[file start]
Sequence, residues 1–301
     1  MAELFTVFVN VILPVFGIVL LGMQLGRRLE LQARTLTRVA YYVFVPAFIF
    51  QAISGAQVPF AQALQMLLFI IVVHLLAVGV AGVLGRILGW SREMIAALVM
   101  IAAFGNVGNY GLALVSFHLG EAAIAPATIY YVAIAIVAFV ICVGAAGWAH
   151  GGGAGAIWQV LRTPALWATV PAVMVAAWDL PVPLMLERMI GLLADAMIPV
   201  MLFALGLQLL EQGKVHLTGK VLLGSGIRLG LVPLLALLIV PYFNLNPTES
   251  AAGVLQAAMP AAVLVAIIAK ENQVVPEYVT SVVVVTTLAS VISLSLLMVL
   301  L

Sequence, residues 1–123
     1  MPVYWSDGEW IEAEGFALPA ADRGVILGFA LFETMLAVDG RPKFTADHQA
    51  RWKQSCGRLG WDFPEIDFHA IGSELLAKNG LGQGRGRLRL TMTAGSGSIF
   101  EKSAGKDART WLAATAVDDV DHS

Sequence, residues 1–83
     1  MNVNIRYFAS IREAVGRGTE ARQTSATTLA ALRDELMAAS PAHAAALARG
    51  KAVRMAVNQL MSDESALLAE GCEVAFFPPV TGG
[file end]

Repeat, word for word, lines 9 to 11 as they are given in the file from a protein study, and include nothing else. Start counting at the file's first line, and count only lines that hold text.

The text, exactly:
Sequence, residues 1–123
     1  MPVYWSDGEW IEAEGFALPA ADRGVILGFA LFETMLAVDG RPKFTADHQA
    51  RWKQSCGRLG WDFPEIDFHA IGSELLAKNG LGQGRGRLRL TMTAGSGSIF